2.Van Roost DV, Thees C, Brenke C, Oppel F, Winkler PA, Schramm J. Pseudohypoxic brain swelling: A newly defined complication after uneventful brain surgery, probably related to suction drainage. Neurosurgery 2003;53:1315-27.  Back to cited text no. 2
    
3.Toshniwal GR, Bhagat H, Rath GP. Bradycardia following negative pressure suction of subgaleal drain during craniotomy closure. Acta Neurochir (Wien) 2007;149:1077-9.  Back to cited text no. 3
[PUBMED]    
4.Karamchandani K, Chouhan RS, Bithal PK, Dash HH. Severe bradycardia and hypotension after connecting negative pressure to the subgaleal drain during craniotomy closure. Br J Anaesth 2006;96:608-10.  Back to cited text no. 4
[PUBMED]    
5.Wasnick JD, Lien CA, Rubin LA, Fraser RA. Unexplained bradycardia during craniotomy closure: The role of intracranial hypotension. Anesth Analg 1993;76:432-3.  Back to cited text no. 5
[PUBMED]    


    Figures

  [Figure 1], [Figure 2]


This article has been cited by
1 Subgaleal Drain Placement Improves Surgical Outcomes After Primary Cranioplasty in Craniosynostosis Patients
J.W. Tong,Jessica K. Emelin,Ryan Wong,Hal S. Meltzer,Steven Roy Cohen
Journal of Craniofacial Surgery. 2015; 26(6): 1963
[Pubmed] | [DOI]
2 Cardiac Emergencies in Neurosurgical Patients
Tumul Chowdhury,Andrea Petropolis,Ronald B. Cappellani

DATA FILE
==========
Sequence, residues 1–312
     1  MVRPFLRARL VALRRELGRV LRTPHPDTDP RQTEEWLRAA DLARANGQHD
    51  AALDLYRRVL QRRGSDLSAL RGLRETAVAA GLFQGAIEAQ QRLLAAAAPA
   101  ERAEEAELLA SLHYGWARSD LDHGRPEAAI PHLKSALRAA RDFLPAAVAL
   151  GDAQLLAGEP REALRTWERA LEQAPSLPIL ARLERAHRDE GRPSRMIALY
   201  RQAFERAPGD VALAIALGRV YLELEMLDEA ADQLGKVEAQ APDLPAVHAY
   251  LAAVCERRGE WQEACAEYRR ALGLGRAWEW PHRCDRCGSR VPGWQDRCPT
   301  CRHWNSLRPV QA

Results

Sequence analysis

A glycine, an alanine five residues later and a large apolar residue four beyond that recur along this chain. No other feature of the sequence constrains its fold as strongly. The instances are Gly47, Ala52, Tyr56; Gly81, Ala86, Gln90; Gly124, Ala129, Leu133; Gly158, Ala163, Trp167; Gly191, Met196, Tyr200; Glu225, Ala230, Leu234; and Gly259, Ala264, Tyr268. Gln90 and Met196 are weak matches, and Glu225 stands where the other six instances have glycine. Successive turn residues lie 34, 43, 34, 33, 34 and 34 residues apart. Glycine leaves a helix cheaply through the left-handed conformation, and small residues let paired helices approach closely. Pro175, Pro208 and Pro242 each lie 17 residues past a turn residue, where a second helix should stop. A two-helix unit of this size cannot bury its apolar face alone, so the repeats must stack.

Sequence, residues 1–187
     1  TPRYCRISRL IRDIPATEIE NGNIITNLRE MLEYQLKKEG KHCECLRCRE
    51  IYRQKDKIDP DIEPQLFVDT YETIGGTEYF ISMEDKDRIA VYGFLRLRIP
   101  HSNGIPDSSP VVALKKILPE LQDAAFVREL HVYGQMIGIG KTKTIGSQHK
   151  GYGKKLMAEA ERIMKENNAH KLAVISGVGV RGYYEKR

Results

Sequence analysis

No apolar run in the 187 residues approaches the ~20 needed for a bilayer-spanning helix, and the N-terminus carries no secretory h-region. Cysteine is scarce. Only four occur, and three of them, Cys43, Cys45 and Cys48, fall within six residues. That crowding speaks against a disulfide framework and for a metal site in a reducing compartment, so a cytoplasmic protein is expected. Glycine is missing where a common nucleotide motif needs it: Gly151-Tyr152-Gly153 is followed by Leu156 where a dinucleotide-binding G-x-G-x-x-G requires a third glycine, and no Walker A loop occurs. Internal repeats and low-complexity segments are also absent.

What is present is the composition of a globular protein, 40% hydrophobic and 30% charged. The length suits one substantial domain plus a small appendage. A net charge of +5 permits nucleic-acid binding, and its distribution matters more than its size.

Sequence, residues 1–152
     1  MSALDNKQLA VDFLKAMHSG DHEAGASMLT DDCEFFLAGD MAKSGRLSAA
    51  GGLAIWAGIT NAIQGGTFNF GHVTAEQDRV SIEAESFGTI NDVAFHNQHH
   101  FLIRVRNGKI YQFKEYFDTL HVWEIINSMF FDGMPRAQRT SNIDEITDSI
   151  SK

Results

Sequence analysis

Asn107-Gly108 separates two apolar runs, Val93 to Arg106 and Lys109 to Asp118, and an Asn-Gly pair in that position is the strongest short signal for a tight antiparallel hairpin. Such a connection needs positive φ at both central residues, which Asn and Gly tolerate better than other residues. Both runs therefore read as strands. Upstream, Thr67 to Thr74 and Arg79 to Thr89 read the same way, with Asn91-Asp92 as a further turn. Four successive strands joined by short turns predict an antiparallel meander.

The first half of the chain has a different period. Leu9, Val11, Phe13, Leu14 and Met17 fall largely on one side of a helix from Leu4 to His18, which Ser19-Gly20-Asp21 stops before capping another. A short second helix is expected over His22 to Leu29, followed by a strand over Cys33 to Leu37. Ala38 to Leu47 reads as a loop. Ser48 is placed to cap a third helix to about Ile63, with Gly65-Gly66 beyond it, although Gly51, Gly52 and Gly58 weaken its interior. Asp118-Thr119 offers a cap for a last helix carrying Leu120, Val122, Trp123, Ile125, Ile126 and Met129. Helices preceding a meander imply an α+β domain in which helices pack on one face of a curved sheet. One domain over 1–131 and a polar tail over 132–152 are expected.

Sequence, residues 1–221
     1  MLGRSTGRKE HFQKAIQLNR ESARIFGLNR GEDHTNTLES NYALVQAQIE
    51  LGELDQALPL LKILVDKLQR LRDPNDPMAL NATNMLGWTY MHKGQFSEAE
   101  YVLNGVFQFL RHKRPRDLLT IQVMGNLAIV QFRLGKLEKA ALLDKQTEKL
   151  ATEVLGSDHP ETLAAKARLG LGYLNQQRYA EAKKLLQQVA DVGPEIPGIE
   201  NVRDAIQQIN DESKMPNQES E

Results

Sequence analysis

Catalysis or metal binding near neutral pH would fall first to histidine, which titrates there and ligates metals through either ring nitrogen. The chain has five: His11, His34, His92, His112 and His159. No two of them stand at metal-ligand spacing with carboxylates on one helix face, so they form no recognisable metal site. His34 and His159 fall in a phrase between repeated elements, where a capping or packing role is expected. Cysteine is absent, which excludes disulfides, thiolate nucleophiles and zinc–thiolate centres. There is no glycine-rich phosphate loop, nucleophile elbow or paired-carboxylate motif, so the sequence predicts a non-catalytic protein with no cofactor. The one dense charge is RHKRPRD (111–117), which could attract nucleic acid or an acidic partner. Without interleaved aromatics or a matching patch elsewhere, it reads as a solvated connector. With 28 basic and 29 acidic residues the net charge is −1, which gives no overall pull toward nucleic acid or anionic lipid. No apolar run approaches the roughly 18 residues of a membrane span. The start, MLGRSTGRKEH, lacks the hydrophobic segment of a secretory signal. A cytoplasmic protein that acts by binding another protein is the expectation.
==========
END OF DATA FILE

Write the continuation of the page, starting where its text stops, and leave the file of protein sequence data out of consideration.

BioMed Research International. 2015; 2015: 1
[Pubmed] | [DOI]
3 Cardiac arrest after induction of anesthesia in neurosurgical patients
A. Yu. Lubnin,L. A. Israelyan,V. N. Shimanskiy,D. A. Odamanov
Voprosy neirokhirurgii imeni N.N. Burdenko. 2015; 79(3): 75
[Pubmed] | [DOI]
4 Cardiac Arrest after Connecting Negative Pressure to the Subgaleal Drain during Craniotomy Closure
Monu Yadav,Sapna A. Nikhar,Dilip Kumar Kulkarni,R. Gopinath
Case Reports in Anesthesiology. 2014; 2014: 1
[Pubmed] | [DOI]
5 Severe bradycardia after applying subgaleal negative pressure drain- one must know the fact
Bansal, T., Kaur, K., Hooda, S.
Sri Lankan Journal of Anaesthesiology. 2014; 22(1): 38
[Pubmed]



 

Top
 
  Search
 
    Similar in PUBMED
   Search Pubmed for
   Search in Google Scholar for
    Access Statistics
    Email Alert *
    Add to My List *
* Registration required (free)  

 
  In this article
   Introduction
    References
    Article Figures

 Article Access Statistics
    Viewed2001    
    Printed42    
    Emailed0    
    PDF Downloaded337    
    Comments [Add]    
    Cited by others 5    

Recommend this journal